For the week between our project in KY and the one in IN, we stayed for five days at My Old Kentucky Home State Park. The campground was a wonderful place, so peaceful and quiet, next to the golf course. The home at the park is a stately Georgian Colonial mansion, home of Judge John Rowan, cousin of Stephen Foster who visited in 1852 and was inspired to write the famous song, “My Old Kentucky Home”, now the official Kentucky state song.
Bardstown is close to Lincoln’s birthplace and childhood home in Hodgenville area.
We stopped at the site of his chidhood home at Knob Creek first,
then in Hodgenville, where they have a statue of him as a child, which was commissioned in 2008
and one as an adult commissioned by congress and erected in 1909
We also visited the Lincoln Museum, which had life size dioramas tracing his life.
His birthplace is a National Historical Park with a granite memorial located on land where he was born and enshrines a 19th century cabin symbolic of the type of home in which he was born. The memorial building has 56 steps, one for each year of his life.
This Sinking Spring was used by his family.
Since Bardstown is the Kentucky Bourbon capital, we decided to take the Kentucky Bourbon Trail and visited three of the six distilleries.
had the most extensive display area and seemed to be the largest visitor center.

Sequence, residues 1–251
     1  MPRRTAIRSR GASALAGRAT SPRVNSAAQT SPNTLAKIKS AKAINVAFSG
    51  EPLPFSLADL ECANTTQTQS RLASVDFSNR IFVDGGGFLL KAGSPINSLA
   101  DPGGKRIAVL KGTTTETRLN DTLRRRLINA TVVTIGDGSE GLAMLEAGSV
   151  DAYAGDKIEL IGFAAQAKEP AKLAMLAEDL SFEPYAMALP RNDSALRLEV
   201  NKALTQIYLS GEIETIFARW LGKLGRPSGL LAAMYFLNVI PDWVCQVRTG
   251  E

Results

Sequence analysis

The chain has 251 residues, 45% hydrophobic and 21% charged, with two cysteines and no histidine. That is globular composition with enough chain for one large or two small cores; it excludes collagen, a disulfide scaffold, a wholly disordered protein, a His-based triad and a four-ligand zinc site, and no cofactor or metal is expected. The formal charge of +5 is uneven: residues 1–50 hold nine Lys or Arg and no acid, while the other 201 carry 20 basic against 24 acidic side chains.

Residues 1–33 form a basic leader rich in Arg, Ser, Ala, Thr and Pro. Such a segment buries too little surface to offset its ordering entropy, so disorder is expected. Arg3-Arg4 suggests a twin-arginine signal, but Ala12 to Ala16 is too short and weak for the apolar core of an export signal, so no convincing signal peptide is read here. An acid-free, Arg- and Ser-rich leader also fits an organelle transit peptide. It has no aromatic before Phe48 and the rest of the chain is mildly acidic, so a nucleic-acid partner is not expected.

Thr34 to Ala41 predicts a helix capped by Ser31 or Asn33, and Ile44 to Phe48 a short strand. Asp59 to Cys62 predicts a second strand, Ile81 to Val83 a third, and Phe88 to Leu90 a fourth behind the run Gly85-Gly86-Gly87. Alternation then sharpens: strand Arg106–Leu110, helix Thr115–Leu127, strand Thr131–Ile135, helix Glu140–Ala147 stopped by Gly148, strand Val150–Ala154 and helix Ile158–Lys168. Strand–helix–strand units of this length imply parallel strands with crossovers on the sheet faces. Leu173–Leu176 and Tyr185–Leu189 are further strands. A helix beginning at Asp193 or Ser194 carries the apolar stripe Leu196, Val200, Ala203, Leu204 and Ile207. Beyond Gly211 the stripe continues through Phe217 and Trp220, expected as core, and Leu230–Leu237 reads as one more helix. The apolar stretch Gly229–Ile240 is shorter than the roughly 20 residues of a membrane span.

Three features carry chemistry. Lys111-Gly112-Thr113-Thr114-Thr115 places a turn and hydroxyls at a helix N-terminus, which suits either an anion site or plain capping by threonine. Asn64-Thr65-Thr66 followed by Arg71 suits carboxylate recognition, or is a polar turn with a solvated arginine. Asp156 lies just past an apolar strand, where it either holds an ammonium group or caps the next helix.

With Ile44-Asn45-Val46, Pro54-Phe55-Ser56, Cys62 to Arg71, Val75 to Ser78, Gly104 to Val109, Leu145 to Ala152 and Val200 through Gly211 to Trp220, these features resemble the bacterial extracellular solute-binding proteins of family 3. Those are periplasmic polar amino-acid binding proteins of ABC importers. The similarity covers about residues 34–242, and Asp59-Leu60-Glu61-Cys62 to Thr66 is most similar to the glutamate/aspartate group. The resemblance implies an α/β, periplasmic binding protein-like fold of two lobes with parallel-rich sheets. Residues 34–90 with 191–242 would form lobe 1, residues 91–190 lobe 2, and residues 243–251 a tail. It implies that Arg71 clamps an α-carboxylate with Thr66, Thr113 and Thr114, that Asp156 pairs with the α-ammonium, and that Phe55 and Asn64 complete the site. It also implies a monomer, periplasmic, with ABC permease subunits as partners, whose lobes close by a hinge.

Although their warehouses were on this site, their distillery was located elsewhere.
Maker’s Mark was further out in the country and had a down home feel
and the only one where the tour actually went through the distillery
and the bottling process, where they were filling gallon bottles on this day,
as well as sealing with the hot wax.
Paul even tried his hand at it.
These are the actual labels being made on this machine!
We visited Jim Beam, which was in the opposite direction, the following day. Our guide was 8th generation Beam family member.
Thought it was interesting that a church would be located between two Bourbon storage warehouses!
One day we spent the day in Bardstown. The building that housed the visitor center was very impressive!
We visited Museum Row which included War Memorial of Mid America Museum and Women of the Civil War Museum
The War Memorial Museum included a display for each of the wars America has been in, from the Revolution to the current war. This was the World War II display
The women’s museum honored the women who supported the troops as nurses, spies, as well as dressing as men in order to fight!
There is a copy of a letter from Lincoln to the troops to not harm the Angels of Mercy or their possessions, because they were taking care of men on both sides.
At the Civil War Museum, there was numerous cannons, this one used by Lew Marshall, who later became the author of Ben Hur,
and other memorabilia.
A display on each of the battles of the war,
including Nashville and Franklin.
Located nearby was the Old Bardstown Pioneer Village
We had Kentucky Hot Brown for lunch
at the historic Old Talbott Tavern, oldest western stagecoach stop in America. It has been operating since 1779!
When we first arrived at the state park, Paul remembered his grandmother was buried in or near Louisville, so over the course of a few days of phone calls, he was able to talk to one of his cousin who knew where she had been buried. It was in a little town named Lawrenceburg, outside of Louisville. Her son (this cousin’s father) had made arrangements for her when she was killed in an auto accident in Hope, Arkansas, in the early 1950’s. It was about an hour away, so we took off and were able to find the spot she was buried, at the foot of her son, Herman VanDyke, but there is no headstone.
We left on Friday morning for Indiana, and are now excited to be at our next work site, New Creations Christian School.